Originating in Akita and Odate, Japan, the Akita is a Spitz breed perfectly adapted to life in the snowy mountain terrain. In the early 17th century, breeders carefully molded the Akita to meet the needs of Japanese hunters. Since then, people have introduced the Akita to countries worldwide, but how well suited is this double-coated working breed to countries with more tropical climates?
Can Akita live in hot weather? Yes, hot weather is not ideal for the Akita, but they can live in more tropical climates. Living in temperatures that are consistently above 75 degrees Fahrenheit is not best for this breed.
To keep an Akita comfortable and happy in a more tropical climate, your Akita will be limited to living indoors in a temperature-controlled area and forfeit many everyday activities that dogs enjoy, like walking outdoors. In the following article, I will look at what you need to know for your Akita to thrive if you think you might move to a tropical climate. Topics I will cover include – Can Akita live in hot weather? What temperature can an Akita withstand? Can Akita dogs survive in India, Florida, or the Philippines? Can Akita dogs live outside?
Can Akita Live In Hot Weather?
Akitas do not thrive in hot weather. What constitutes “hot weather” is determined by something called the “thermoneutral zone.” The thermoneutral zone or the TNZ is the ambient temperature where a dog does not have to spend energy to maintain its “normal” body temperature. A dog reaches a point of overheating when they are no longer able to regulate their body temperature.
Different dog breeds have different TNZ’s that are influenced by the size, coat type, head shape, and health. According to the College of Veterinary Medicine at Purdue University, the TNZ for most breeds is between 68°F and 80-85°F.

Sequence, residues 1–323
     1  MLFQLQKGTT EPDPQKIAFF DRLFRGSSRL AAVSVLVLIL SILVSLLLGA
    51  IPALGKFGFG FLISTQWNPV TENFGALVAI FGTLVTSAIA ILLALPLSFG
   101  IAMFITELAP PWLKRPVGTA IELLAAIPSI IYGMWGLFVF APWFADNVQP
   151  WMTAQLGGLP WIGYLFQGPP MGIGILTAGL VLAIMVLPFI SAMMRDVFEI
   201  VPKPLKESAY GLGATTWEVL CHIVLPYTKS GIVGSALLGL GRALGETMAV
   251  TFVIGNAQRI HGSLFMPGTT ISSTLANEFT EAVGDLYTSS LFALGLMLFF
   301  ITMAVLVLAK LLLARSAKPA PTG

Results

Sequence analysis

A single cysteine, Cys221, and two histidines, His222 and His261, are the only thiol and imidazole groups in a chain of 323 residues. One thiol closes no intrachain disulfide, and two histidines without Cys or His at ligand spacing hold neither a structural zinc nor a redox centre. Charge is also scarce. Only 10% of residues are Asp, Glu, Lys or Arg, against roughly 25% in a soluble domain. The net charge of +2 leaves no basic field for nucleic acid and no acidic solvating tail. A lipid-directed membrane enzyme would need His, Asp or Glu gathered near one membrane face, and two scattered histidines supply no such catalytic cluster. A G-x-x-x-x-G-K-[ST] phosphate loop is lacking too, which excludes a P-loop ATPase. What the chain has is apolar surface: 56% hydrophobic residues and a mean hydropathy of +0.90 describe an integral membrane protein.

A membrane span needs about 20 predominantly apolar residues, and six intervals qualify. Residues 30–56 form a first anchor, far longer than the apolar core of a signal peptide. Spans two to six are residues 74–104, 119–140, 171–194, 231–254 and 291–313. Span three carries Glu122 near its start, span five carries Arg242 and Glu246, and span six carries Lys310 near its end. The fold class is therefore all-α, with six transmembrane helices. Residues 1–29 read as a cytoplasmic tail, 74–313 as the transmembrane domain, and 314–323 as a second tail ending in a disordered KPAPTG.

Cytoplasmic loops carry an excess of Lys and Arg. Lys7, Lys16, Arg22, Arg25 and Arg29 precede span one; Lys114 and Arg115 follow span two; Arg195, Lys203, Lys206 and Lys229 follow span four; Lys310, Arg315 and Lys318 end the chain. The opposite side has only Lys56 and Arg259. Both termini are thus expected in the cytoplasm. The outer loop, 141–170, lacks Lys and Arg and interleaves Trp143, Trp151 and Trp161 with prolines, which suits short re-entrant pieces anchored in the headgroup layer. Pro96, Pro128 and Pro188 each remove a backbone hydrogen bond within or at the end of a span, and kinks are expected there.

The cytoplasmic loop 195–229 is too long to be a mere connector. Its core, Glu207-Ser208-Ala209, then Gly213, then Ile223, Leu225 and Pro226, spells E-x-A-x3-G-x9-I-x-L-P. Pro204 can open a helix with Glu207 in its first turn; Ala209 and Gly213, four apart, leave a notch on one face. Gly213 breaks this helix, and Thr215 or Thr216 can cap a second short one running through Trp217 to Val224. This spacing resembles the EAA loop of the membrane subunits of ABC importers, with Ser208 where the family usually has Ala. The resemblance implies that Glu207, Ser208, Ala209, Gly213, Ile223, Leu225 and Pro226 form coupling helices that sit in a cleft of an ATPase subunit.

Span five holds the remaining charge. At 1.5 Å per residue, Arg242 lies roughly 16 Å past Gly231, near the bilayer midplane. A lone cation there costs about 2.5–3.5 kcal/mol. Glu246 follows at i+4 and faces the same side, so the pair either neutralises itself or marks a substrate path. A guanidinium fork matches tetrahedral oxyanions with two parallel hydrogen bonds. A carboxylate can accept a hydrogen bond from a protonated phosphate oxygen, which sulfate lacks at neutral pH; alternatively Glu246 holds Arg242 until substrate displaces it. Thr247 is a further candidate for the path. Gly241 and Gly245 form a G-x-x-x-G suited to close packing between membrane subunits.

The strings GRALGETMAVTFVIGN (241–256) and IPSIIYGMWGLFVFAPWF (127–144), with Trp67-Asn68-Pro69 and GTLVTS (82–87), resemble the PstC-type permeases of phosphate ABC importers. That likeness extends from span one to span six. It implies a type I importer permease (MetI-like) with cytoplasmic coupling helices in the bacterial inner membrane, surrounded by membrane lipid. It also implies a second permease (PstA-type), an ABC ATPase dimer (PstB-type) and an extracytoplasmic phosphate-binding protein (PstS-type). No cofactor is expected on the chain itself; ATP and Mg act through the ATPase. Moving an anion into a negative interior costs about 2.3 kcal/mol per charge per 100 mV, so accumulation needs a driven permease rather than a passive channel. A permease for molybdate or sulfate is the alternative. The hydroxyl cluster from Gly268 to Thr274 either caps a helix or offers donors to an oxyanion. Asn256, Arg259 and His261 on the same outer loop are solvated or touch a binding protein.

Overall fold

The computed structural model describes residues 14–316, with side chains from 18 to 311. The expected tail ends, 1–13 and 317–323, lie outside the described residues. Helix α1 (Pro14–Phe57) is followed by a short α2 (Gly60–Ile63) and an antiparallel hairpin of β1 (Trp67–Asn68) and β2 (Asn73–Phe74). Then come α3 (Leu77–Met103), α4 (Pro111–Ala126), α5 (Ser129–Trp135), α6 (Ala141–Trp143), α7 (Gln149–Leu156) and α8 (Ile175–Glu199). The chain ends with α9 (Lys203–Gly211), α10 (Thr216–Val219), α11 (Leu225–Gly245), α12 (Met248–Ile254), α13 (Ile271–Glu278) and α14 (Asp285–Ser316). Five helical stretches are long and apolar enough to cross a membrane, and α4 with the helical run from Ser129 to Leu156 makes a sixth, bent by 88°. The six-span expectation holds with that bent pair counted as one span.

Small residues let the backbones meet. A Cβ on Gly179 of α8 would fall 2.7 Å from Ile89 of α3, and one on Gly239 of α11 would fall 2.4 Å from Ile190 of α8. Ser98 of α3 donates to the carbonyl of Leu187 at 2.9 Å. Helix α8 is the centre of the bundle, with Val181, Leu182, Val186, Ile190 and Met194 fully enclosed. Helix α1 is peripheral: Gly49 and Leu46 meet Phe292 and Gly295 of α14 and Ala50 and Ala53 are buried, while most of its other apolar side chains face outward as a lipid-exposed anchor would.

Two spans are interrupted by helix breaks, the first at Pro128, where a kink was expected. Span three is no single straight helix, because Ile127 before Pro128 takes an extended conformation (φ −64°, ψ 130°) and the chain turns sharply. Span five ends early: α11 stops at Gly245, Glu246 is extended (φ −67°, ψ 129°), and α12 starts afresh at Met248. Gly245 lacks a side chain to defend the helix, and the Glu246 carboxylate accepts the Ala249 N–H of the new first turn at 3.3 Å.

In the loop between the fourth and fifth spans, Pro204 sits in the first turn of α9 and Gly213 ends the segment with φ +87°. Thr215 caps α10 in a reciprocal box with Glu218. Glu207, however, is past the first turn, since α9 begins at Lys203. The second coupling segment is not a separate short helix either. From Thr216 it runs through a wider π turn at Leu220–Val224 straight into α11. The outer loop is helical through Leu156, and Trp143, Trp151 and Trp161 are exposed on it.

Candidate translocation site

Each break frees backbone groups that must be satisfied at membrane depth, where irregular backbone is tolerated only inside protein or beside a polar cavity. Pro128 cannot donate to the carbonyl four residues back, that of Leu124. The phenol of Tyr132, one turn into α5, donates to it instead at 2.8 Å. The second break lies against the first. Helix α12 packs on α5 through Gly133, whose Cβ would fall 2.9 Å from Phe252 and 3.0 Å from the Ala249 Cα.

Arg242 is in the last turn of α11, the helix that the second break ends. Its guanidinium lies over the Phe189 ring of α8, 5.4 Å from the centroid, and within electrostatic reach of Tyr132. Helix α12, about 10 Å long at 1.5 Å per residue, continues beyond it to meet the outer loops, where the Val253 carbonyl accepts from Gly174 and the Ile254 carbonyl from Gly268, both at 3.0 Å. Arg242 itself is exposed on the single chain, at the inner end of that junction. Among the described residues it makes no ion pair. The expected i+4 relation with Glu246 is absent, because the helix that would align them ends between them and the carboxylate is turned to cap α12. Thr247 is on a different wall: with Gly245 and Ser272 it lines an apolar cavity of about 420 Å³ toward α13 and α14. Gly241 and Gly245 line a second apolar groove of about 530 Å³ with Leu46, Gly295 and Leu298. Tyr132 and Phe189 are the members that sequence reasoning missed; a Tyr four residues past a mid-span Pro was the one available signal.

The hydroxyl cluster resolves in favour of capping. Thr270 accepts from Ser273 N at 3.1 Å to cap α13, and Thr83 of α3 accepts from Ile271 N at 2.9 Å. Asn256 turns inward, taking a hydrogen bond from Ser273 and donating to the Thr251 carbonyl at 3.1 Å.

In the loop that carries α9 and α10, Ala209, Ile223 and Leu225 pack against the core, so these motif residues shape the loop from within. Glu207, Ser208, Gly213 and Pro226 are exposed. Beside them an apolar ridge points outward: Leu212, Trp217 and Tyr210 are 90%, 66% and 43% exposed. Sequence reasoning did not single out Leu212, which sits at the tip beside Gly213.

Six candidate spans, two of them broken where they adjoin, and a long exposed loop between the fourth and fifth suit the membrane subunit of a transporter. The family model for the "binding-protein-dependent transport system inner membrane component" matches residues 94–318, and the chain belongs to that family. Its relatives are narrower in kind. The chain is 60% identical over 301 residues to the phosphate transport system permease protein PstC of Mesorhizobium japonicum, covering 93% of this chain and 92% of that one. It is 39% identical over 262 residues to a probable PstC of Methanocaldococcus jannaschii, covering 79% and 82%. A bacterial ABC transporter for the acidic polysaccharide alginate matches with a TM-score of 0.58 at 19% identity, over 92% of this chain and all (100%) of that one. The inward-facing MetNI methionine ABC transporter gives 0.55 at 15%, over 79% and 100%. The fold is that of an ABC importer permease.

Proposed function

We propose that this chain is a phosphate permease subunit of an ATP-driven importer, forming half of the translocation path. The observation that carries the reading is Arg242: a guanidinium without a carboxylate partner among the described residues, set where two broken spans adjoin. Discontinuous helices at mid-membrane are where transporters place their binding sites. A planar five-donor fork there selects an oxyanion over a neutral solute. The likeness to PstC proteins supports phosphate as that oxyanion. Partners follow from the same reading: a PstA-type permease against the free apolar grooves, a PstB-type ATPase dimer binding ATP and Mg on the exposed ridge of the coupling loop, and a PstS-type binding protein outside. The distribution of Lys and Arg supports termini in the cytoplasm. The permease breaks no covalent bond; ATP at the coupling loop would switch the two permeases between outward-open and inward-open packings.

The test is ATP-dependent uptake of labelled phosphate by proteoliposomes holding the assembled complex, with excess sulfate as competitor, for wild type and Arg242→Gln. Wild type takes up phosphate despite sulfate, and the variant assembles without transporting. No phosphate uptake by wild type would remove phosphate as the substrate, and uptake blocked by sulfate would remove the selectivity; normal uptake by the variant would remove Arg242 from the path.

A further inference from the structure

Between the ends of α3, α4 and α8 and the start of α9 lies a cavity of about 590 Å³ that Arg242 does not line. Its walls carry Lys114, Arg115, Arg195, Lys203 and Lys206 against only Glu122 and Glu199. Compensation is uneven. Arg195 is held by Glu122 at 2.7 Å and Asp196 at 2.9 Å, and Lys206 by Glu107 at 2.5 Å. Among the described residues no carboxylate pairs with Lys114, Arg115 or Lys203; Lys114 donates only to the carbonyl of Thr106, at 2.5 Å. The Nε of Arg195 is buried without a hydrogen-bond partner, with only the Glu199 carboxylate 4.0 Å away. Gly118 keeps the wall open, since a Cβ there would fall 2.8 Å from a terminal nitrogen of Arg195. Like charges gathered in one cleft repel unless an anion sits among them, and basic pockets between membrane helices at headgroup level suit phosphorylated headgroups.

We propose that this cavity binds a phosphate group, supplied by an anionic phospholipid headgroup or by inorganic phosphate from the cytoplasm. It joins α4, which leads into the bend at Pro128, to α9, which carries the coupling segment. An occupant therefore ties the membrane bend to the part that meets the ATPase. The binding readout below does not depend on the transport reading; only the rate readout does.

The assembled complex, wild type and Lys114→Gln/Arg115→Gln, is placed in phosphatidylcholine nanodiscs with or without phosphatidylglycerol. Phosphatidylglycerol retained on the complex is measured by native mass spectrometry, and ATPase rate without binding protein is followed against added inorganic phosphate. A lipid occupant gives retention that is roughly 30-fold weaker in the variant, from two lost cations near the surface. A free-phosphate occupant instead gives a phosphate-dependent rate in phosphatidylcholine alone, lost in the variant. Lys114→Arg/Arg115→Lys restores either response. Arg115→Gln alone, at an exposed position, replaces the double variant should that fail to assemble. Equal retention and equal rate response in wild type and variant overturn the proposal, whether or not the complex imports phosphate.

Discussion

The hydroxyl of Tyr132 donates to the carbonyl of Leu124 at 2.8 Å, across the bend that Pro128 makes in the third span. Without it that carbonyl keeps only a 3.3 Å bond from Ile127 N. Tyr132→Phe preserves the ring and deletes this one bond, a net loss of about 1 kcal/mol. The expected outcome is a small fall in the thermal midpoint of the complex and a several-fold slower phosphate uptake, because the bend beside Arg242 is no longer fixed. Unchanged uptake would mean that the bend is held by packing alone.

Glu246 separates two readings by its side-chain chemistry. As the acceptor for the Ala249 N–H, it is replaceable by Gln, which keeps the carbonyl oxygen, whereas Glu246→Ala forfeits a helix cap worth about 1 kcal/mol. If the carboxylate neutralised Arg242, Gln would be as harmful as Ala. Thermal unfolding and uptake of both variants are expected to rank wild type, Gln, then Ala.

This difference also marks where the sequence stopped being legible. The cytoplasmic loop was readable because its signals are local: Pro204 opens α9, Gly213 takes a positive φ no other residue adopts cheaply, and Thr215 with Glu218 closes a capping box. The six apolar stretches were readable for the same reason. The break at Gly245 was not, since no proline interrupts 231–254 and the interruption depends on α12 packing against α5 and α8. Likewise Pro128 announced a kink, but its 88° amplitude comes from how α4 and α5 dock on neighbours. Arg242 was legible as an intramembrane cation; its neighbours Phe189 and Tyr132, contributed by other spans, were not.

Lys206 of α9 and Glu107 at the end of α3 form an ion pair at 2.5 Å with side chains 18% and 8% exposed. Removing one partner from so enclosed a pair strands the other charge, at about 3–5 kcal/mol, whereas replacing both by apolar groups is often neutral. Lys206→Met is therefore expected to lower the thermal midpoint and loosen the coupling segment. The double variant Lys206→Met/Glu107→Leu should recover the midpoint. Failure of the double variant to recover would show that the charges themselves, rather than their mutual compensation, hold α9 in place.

The ideal temperature for the Akita is 75°F. Once the temperature climbs above 75°F your Akita will have to expend energy to cool themselves down. An Akita can tolerate temperatures of 85°F for short periods, but this will tax their body as they work to maintain a healthy body temperature.
What Temperature Can An Akita Withstand?
Temperatures above 85°F are dangerous for the Akita, and when the thermometer climbs to this point, your dog should always be indoors. Living in temperatures above 85°F means that your Akita can only step outside very briefly to “potty” and during that time, they must walk on the grass to avoid burning their paw pads.
Your Akita can live inside all of the time in a tropical climate, but their quality of life will suffer because they will be unable to do many things that dogs love to do (like walking outdoors!) There are a few factors that can impact how quickly your Akita’s body temperature will climb in tropical climates – these include:
Coat style – The Akita has a thick double coat, and keeping that coat short and brushed regularly thins it out and makes it more “breathable.”
Size – Larger Akitas are likely to overheat more quickly because their organs are more overtaxed.
Age – Older Akitas cannot cool themselves as efficiently as younger adult dogs simply because of aging on their bodily systems.